The translation industry is led by women in general. What I’ve seen more and more is women wanting the leadership roles and working hard for them. Our job at Women in Localization is to make sure that those women who do want to step into those roles are prepared. We do this by generating positions within the organization that allow women to exercise their leadership skills and improve them. We create opportunities for them to be mentored, form connections with significant leaders in the industry and learn from them, and maybe even get jobs from these connections.
At some point, all of this work is going to make an impact. We’re going to see more women on boards and in leadership positions around the world in different industries. Unfortunately, the business world remains a male dominated one, so we need to continue to work for this to change. It’s not just about there not being enough opportunities for women to take on leadership roles, it’s about being prepared to fight for those roles.
Why do you think that in Argentina the translation industry is led by women?
Let’s put it this way – when I decided to study translation, my dad asked: “And what else?” In Argentina, this is a 5-year degree, not short nor easy. But my dad´s question gives you an idea of how translation, and even language studies in general, were perceived as the path to an uncertain future. Argentina is not a diverse country, and therefore, the needs for these services are scarce. English teaching, however, was always seen as a great job for women, since it allows “moms” to work part-time.
When I graduated, making a living as a translator in Argentina was unheard of. I remember, to this day, my first day at University when one of the professors, during her welcome speech, said “If you want to make money in translation, forget it. Go find something else to study.” But, as with anything you decide to study, it’s all about how hard you work and how passionate you are about being able to change things. Today, 20 years later, with the rising prevalence and importance of Spanish translation, Argentina plays a key role in our industry since “it is the preferred market for outsourcing and one of the largest employers of talent”, says Nimdzi in their report “The Argentinian LSP landscape“.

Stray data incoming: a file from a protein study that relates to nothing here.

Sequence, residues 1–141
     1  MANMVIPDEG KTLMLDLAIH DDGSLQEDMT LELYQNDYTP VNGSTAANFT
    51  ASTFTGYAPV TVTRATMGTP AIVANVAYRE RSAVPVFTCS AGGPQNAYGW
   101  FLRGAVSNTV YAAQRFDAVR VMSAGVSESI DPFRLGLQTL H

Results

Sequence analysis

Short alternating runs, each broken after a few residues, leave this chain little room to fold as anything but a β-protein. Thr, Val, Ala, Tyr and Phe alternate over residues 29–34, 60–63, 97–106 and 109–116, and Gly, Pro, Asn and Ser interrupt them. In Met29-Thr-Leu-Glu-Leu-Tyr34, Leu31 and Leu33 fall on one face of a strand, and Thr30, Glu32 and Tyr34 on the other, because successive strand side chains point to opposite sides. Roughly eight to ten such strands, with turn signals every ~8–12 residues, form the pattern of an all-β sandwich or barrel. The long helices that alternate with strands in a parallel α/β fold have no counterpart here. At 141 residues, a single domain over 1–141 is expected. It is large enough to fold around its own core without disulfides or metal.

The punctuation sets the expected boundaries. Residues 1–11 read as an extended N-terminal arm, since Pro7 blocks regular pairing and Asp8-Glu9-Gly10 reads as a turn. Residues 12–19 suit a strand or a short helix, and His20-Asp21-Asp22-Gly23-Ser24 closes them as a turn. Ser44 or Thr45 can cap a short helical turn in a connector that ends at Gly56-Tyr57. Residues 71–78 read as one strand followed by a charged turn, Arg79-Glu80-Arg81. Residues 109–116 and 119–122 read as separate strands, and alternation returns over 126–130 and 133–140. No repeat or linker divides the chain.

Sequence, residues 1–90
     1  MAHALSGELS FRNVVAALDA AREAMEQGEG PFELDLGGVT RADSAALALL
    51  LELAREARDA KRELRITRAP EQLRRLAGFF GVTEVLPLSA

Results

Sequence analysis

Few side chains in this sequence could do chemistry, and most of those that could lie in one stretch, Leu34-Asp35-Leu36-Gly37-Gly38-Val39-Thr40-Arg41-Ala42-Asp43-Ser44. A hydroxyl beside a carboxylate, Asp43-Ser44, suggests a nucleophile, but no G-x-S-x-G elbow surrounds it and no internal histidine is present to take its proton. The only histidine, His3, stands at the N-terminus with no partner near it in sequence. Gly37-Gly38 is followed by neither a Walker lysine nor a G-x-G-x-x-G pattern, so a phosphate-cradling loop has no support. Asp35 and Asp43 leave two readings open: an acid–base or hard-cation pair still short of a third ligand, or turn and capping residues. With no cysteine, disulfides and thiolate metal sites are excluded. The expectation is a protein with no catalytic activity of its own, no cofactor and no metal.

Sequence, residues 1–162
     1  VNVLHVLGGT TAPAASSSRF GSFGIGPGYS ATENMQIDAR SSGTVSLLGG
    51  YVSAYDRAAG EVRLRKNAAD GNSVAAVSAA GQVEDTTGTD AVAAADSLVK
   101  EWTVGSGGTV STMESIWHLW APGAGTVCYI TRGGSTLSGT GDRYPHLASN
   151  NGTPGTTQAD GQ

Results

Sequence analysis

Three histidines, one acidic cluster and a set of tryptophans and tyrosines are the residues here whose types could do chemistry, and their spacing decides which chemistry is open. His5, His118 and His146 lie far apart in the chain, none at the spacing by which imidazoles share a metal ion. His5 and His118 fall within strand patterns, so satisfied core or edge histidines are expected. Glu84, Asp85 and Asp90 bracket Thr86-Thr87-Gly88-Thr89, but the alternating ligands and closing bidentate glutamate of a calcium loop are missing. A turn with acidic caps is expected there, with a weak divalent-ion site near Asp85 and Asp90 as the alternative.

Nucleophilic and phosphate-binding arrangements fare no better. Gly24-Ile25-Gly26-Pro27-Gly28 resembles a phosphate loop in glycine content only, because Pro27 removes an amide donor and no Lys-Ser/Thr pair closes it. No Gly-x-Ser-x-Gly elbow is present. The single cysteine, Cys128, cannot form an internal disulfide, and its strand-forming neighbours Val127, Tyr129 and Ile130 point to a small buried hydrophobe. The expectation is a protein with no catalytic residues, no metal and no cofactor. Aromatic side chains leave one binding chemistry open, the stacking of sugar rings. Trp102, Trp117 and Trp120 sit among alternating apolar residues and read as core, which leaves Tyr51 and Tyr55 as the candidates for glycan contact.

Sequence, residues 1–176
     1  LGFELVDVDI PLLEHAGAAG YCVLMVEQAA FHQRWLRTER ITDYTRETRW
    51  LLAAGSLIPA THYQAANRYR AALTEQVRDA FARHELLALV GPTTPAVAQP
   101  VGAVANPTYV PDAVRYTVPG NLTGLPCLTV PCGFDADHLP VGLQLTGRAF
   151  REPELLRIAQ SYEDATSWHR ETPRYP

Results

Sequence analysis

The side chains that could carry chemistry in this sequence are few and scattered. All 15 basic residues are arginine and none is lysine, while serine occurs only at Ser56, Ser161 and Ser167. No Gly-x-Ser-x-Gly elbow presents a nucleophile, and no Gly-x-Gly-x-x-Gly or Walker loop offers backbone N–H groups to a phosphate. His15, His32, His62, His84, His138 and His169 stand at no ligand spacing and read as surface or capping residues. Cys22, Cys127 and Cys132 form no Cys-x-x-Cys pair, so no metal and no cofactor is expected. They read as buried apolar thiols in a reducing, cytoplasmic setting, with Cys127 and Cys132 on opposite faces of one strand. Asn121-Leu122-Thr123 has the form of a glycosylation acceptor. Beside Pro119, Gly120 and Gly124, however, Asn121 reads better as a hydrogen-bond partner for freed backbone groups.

What advice would you give to people in the localization industry who are looking to obtain leadership roles and advance in their careers?
Make meaningful relationships, be visible and have an active role in the industry. Get out of your comfort zone, out of your regular group of peers, to gain a different perspective. It can be so enlightening and enriching!
From my own experience, I’d add take risks, don’t be scared to change your circumstances and be bold. Use every experience you have to learn and always show up ready. Find people you trust and ask for advice, referrals, and suggestions.
In honor of Women’s History Month and International Women’s Day, what else can you tell us about Woman in Localization? How can someone who is interested get involved?
Women in Localization is an amazing organization that offers benefits for both volunteers and members: mentorship programs, education, networking, exclusive content, and much more.
If you want an active role, we are always looking for volunteers! We are a very international organization with 28 chapters in 20 different countries, 9 programs, more than 5,000 members, 17k+ LinkedIn connections, and we produce more than 100 events a year.